During a spring flood in 1974, a rescue party in search of two missing persons made an unusual discovery. While searching along the sandy banks of the Homochitto River south of Natchez, Mississippi, party member Jerry Haney noticed a large wooden object that had been partially exposed by the surging waters. Upon further investigation, he realized the wooden object was in fact a vessel in the form of a canoe. Though at the moment Mr. Haney did not fully understand the importance of his discovery, he did feel that it was worth keeping for further investigation. After the arduous task of freeing the canoe and transporting it to the nearest vehicle access, Mr. Haney and his associates placed it in storage at their local fire station.
Over the next several months, the small town residents were continually surprised at the attention garnered by their investigations into the canoe’s past. After contacting the Mississippi Department of Archives and History, they were advised to have several tests done on the vessel. Samples were sent to The University of Georgia’s Geochronology Lab for carbon dating, and also the US Forest Service for species determination. The results showed that the wood from the canoe was Bald Cypress and had been harvested in approximately 1465 A.D., which proved it was of Native American origin.
These findings meant that this was not only one of the oldest boats ever discovered, it was also strikingly well-preserved. Following this realization, the Department of Archives contacted Senator Thad Cochran, who felt that the discovery was important enough to confer with the Smithsonian Institute about preservation and care methods, which were used to stabilize the canoe and protect from pests or decay. Over the next several years, newspapers, magazines, radio shows, universities, museums, and Native American tribes from all over the country came to view and study this rare artifact. Many interested parties made offers to purchase it, but Mr. Haney decided to keep the canoe. Over the years it gradually faded out of the spotlight and was all but forgotten. Upon Mr. Haney’s passing, it was handed down to his son and subsequently stored in a garage where it sat for two decades. Luckily, in the spring of 2014, the family decided it was time to pass this piece of history along to a new owner. Oxford Trading Post is proud to give the world a chance to view this amazing artifact once again.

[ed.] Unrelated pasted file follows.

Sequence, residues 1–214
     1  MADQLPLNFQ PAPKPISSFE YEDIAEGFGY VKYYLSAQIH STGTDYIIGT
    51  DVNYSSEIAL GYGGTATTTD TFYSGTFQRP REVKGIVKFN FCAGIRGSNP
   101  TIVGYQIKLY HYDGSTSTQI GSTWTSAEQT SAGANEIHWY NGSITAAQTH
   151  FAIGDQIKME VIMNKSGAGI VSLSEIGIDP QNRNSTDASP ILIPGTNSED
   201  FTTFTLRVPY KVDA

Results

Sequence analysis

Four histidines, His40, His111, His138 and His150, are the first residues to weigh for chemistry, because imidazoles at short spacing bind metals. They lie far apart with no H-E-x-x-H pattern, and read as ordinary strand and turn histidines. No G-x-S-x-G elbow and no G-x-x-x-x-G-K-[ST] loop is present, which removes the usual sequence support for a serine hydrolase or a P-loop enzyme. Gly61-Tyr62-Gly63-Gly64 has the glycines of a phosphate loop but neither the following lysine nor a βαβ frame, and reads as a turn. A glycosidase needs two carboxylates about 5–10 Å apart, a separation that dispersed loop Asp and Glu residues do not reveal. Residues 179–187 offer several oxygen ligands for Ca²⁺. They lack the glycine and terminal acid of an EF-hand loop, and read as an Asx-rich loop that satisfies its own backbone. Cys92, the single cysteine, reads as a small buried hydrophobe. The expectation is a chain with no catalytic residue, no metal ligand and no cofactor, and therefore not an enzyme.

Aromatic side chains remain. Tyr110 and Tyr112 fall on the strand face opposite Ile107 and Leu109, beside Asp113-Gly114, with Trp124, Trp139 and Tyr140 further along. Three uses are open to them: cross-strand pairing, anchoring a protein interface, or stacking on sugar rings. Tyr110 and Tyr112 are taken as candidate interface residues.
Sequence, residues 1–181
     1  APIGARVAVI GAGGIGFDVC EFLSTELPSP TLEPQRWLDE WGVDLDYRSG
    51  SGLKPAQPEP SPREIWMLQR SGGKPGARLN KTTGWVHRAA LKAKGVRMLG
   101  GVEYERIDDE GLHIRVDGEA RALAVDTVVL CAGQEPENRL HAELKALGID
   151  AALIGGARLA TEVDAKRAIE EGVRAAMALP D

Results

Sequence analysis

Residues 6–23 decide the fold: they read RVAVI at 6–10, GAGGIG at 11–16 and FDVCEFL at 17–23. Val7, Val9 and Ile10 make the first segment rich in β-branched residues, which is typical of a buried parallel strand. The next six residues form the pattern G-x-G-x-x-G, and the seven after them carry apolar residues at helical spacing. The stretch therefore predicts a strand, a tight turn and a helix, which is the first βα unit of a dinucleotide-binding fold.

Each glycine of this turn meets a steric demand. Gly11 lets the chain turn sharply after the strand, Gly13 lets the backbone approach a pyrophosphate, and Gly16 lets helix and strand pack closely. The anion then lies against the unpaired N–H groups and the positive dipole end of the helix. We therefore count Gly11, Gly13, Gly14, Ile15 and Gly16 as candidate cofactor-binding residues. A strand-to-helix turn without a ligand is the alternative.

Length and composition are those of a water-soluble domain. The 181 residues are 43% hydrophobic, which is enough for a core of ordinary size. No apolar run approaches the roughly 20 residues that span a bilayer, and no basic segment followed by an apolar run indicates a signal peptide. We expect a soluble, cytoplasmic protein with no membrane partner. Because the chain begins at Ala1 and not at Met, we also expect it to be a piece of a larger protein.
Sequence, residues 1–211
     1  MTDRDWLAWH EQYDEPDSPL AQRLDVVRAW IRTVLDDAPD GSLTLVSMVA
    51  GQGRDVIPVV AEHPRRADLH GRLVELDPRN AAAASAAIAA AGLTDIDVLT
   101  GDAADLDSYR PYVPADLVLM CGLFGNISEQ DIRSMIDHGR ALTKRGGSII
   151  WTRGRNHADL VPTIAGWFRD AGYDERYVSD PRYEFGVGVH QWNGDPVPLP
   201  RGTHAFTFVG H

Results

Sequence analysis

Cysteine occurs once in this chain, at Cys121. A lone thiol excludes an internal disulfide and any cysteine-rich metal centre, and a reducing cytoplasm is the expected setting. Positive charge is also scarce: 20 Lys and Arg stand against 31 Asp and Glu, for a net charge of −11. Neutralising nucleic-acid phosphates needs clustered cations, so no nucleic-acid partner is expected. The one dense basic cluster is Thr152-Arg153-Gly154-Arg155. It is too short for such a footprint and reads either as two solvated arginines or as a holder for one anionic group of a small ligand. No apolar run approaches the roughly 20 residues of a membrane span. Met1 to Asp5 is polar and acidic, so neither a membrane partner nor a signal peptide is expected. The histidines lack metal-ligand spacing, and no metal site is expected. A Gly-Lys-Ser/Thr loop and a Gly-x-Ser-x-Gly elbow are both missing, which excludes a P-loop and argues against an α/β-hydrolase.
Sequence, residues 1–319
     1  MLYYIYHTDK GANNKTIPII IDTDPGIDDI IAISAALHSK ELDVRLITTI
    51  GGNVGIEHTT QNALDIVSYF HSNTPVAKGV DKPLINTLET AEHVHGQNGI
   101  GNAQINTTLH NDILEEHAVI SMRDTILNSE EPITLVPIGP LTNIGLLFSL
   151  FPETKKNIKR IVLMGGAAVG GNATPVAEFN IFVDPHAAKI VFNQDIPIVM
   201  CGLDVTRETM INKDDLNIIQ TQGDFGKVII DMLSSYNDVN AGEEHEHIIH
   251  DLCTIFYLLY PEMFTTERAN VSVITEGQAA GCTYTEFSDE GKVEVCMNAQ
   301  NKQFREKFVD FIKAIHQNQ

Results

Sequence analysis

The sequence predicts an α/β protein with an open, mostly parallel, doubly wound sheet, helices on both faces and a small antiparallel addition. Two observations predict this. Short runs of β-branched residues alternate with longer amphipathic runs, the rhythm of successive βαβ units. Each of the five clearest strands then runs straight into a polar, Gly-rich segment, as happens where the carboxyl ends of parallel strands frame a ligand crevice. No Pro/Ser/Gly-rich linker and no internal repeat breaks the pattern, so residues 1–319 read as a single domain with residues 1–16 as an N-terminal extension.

The Natchez Canoe remains to date one of the most intact, well-preserved, and well-built prehistoric watercraft ever discovered. Hewn from a single log using stone tools, it measures 13.75 feet long, two feet wide, and 18 inches deep. Though missing a small section of one end, it is estimated to be 90% complete. The wood is surprisingly sturdy and solid to have lain in the ground for over 500 years. The canoe was expertly crafted with a flattened u-shaped bottom that would have allowed for at least two passengers and cargo. Another interesting feature is the extended platform at the end with its large notch (perhaps even originally a hole) of unknown use. This could possibly have been used for mooring purposes or in conjunction with steering or propulsion tools such as a push pole or paddle.
For sales inquiries and further information, please contact Brock Smith at:
Oxford Trading Post OxfordTradingPost.com
709 N. Lamar Blvd. 662-801-1786
Oxford, MS 38655 email@example.com